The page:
Personal touch is missing from today's mail

Published: Monday, January 2, 2006 at 6:01 a.m.
Last Modified: Sunday, January 1, 2006 at 11:06 p.m.
Here we go again. Whenever Uncle Sam raises the price of postage, I voice my complaint. Yes, I've written about this subject before, many times since the early 1940s. Each time I howl louder.
Thanks to a requirement by Congress that the Postal Service establish a $3.1 billion escrow account, the independent Postal Rates Commission has approved increases on all postal activities. First class stamp prices will rise 2 cents. And the penny postcard will now be 24 cents. Postal raises will impact all postal activities. However, bulk mail increases will be more moderate.
Without the mandate, the Postal Service said it would not have to raise rates. The service has more than $69 billion in annual revenue. It would be interesting to know what the government plans to do with the $3.1 billion escrowed each year. Perhaps this is a way to help offset the big tax cuts for the wealthiest. Use your imagination for variations on the use of these dollars.
While electronic communications such as the Internet and fax have taken some business from the post office, there has been an increase in income from advertising mail.
Before the days of computers and e-mail, I treasured the trip to my mailbox and the joy of a real letter or card. Today, my box is stuffed with advertising. It raises my hackles to know that I am paying for every piece of junk mail.
Although e-mail is faster and cheaper, it does not replace the personal touch that is conveyed by a snail-mail birthday card, Valentine card or love letter. An e-mail address is not a substitute for the hand-written signature.
In addition, whatever you have written on e-mail is eternally saved in some mysterious cyberspace. It can be easily accessed and perhaps one day will haunt you. Many believe that, at the present time, some e-mail is monitored and censored. It is rumored that there are plans to increase censorship and possibly add a charge to the use of the e-mail.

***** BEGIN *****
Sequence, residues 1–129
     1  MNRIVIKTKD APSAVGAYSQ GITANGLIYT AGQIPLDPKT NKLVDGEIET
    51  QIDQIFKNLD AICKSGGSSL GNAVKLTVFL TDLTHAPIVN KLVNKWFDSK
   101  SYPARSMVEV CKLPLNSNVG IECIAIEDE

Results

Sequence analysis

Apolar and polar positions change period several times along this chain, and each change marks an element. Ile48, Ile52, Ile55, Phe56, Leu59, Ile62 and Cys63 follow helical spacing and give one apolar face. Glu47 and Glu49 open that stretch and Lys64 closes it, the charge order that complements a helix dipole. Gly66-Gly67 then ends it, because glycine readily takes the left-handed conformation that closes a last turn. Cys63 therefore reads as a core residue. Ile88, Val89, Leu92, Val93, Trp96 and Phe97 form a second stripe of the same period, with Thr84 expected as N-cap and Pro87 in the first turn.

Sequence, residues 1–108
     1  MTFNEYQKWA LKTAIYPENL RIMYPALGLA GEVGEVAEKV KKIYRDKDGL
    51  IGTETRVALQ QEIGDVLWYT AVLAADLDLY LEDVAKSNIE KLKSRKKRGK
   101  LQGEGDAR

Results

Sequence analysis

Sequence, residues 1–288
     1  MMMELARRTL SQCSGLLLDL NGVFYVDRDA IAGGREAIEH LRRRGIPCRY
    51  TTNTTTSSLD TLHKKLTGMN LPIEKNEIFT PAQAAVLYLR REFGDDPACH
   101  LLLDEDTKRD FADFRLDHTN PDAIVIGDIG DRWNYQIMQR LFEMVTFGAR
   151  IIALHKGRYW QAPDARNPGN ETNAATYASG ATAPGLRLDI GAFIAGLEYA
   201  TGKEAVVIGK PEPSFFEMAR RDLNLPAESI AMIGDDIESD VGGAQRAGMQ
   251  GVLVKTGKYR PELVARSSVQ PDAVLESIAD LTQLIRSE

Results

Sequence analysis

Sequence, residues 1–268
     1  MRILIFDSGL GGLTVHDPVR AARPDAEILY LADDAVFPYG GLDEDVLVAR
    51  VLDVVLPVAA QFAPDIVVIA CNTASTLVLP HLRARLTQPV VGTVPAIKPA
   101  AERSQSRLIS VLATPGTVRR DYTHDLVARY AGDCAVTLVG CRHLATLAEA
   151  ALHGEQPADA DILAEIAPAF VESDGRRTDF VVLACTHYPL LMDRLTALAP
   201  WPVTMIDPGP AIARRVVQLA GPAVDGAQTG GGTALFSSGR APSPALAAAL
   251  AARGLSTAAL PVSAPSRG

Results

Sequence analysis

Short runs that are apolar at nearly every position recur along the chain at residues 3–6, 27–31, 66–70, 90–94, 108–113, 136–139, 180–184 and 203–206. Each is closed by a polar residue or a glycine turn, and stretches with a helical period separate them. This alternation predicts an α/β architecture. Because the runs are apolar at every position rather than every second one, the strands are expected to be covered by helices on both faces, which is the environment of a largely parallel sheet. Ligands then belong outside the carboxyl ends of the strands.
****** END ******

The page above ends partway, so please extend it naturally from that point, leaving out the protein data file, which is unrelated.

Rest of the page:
We know that government and corporate misbehavior can be, and is, revealed through e-mail searches.
I think of libraries filled with biographies and autobiographies that feature letters - the correspondence of Ellen Terry and George Bernard Shaw, the letters between John and Abigail Adams, and countless other historic documents. Although e-mail messages are said to linger forever in cyberspace, I doubt that they will be found in libraries or on collectors' bookshelves.
The love affair with the computer and electronic communications has not only deprived us of the human touch, but it has resulted in degradation of language skills. This is especially noted in today's youth, raised from kindergarten to use and depend on computer communications.
We are urged to be prepared for all kinds of catastrophes. Here in Florida, we are vulnerable to hurricanes and tornadoes and the subsequent loss of electric power. We store water, flashlights, candles, batteries, radios, canned and packaged foods and first aid equipment.
Perhaps we should add pencils, pens, dictionaries, paper, envelopes, postage to that list.
Doris Bardon lives in Gainesville.

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